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About The Oregon statesman. (Salem, Or.) 1916-1980 | View Entire Issue (Jan. 7, 1920)
THE OREGON STATESMAN-: WEDNESDAY, JANXARY 7, 1020.
The Oregon Statesman
: Issued Dally Except Monday by f
TllE .STATESMAN PUBLISHING COMPANY
2,15 S. Commercial St.. Salem, Oregon '
' 3IKMBKK OP THE ASSOCIATED PRESS v
. The Associated Press is exclusively entitled to the use for republication
of all news dispatches credited to it or not otherwise credited in this papei
and also the local news published herein.
IX. J. Hendricks. . .
Stephen A. Stone . .
Ralph Glover, .v..
Frank. Jaskoskl. . .
.... Managing Editor
..Manager Job Dept.
We have made eyes ourj life's work.
No thine but, eyes and the making
of glasses for twenty years.
HENRY L MORRIS & CO.
305 State Street SALEM
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Business Office. 23.
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Entered at the Postof flee in Salem, Oregon, as second class matter.
DOUBLE THE CAPACITY AT THE KICK-OFF
ties for enjoyment, it must be the in
tention of his Creator to increase and
develop those faculties and to pro
vide the means for their gratifica
tion. The reconciliation of religian
and science will come when science
dares to believe more and when re
ligion begins to Investigate every
Just as in the field of secular ed
ucation the curriculum has been en- i
larged and. broadened, so, in the
realm of religion, have the subjects
and phases of spiritual teaching in
creased their scope for the general
edification of man's multiform na
ture. A remarkable evidence of this
fact is to be found in .-"the; vast variety
of topics which are discussed Sunday
after Sunday by the Christian minis
ters of Salem and other cities.
The old days, when church mem-
.- r '
weeks ago the district manager of a j race in America
large life Insurance corporation re
signed a $10.000 "position to accept
a salary of $2500 In the ministry.
As near as we can figure It out
the church and the insurance busi
ness are even again.
commercial venture of This character
and the results will b watched with
tome laterest. The naming of the
first craft Is most fitting. Frederick
Douglass had a white father, but as
-his mother was a slave, it was as a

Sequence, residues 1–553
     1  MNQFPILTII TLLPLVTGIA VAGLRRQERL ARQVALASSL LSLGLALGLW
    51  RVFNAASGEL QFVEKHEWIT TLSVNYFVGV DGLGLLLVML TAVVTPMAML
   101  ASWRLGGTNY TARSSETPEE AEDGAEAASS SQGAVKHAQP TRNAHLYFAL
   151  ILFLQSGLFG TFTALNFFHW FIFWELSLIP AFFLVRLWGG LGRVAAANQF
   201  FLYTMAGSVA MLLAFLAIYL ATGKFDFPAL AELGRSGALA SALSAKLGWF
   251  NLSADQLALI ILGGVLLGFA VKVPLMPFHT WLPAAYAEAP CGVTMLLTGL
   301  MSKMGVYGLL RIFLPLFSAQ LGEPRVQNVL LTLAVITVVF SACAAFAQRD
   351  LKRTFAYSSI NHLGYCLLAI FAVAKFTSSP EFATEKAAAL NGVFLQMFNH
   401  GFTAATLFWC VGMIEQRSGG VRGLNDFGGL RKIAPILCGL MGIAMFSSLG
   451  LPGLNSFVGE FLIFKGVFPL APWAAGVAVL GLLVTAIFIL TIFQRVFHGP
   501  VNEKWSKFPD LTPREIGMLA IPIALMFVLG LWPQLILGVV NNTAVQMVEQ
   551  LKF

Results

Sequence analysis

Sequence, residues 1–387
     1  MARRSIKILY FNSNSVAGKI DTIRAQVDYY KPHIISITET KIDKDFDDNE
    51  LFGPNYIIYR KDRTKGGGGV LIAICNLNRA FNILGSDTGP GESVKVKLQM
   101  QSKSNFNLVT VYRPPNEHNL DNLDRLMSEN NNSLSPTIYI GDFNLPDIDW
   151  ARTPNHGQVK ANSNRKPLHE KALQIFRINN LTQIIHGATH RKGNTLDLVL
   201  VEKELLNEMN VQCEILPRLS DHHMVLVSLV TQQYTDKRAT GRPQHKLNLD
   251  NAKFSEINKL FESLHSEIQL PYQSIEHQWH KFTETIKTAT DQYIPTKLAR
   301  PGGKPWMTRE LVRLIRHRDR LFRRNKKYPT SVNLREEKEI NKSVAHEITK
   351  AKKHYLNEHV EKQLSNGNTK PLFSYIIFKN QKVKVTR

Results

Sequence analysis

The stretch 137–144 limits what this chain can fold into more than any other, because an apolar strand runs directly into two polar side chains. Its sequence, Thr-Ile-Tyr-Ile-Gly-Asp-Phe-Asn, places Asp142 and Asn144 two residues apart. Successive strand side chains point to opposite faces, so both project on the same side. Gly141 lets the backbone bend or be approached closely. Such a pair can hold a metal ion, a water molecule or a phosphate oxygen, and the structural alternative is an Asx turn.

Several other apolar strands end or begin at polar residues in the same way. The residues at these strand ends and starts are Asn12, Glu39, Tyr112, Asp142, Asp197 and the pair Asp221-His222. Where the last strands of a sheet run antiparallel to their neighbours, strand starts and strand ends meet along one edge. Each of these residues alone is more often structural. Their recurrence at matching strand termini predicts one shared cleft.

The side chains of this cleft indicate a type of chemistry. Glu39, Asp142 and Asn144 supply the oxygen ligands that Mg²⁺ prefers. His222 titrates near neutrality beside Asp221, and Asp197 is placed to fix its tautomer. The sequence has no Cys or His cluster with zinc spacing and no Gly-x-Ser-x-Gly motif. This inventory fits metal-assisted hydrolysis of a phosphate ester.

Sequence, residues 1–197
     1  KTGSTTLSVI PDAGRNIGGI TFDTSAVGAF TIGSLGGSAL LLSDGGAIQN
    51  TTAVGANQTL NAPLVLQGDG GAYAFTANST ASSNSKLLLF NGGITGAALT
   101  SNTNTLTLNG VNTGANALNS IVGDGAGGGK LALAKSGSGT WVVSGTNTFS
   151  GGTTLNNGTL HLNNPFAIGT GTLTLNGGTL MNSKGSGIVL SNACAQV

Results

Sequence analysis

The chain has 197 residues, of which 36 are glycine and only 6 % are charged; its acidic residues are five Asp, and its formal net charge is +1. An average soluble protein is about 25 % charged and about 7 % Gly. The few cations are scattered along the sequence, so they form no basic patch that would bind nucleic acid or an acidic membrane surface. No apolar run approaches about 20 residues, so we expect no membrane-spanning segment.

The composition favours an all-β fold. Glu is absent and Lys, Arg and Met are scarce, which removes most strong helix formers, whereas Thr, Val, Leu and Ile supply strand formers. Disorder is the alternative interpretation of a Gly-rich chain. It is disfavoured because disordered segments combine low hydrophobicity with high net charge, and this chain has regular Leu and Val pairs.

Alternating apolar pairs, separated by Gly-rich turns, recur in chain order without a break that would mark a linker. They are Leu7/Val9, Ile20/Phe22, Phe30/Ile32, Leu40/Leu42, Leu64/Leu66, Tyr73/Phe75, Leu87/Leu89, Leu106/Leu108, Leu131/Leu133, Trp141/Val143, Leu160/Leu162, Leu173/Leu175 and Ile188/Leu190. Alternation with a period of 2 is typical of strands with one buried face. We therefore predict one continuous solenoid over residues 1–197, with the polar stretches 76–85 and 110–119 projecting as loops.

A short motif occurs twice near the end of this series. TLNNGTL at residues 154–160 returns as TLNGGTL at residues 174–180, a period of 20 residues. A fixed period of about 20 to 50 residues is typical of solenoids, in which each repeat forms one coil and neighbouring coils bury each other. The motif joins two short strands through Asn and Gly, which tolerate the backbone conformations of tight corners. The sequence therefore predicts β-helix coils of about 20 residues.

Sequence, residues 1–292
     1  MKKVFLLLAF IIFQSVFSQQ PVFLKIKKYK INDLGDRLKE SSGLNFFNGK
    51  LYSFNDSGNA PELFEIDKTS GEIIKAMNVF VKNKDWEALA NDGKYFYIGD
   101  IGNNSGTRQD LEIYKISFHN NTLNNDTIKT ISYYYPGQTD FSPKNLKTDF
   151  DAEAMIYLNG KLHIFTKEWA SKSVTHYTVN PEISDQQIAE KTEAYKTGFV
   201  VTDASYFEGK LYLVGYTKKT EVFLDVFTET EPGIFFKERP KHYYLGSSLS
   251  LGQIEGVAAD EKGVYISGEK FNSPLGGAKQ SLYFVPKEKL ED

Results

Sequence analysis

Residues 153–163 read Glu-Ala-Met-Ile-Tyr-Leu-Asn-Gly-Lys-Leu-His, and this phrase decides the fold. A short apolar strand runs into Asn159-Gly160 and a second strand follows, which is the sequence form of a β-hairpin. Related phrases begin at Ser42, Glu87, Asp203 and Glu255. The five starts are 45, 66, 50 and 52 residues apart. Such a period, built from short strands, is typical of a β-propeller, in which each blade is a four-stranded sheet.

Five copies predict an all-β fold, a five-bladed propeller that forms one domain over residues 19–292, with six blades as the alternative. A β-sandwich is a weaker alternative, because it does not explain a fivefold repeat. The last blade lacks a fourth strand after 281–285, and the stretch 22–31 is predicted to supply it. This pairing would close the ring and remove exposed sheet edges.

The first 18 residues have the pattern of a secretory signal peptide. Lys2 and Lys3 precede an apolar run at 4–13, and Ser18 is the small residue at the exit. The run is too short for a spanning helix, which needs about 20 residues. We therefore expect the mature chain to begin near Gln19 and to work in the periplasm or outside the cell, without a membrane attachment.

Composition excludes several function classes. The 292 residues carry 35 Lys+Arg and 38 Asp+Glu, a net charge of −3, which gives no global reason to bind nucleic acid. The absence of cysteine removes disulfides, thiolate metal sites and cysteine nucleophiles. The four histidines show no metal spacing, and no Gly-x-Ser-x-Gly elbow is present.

slave his life began? . '
In 1832 he was sold to a Calll more
fhtpbnilder and be worked 14 boors
i r h Prlrlck l escape In ,1828.
A UC lliUkUUto - '- I
Dou class at New 'York sent Into thej
THE BLACK STARS.
. After that-he worked at shlpbulld-
a . 1 : ,
i ins rn.ua wu iiiq s&uor on nil own
the waters tne flagship of the forth-, . . . . r
He knew the sea and Its ships.
coming fleet of the Black Star line.
This Is a million dollar corpora
tion and managed by negroes. The
Frederick Douglas's Is named after
the greatest human product of slav
ery and the vessel has a negro cap
tain, engineers and crew. Rut hT j bat Qe, jotcj
Later be was to become a great
orator, the Trlted States marshal of
the District of Columbia, mlclstf r to
Haiti and the friend ct presidents.
operations will not be confined to the
She may sail the wide world over.
It is -the flrft time that the colored
the blue salt water to
the end and would have been the
nad of a Black Star line were he
Internationally Famous llussiait Trio Leo,.. Tan ami Misehcll Cher
uiavskw 'who will appear at (.rami Theatre, Wednesday, January 7.
ance. tne realization mat mere is
much good in all.
The other lesson learned Is the ne-
cessity for a more practical religion,:
instead of or rather combined with
theoretical discussions and theologic
al eruditions. '
These two lessons today are being
studied and taught by the clergy as
No longer does the average preachy
er stand before his sleeping congre
gation and spin out his learned dis-
It is (rood news, Contained in this morning's issue of The States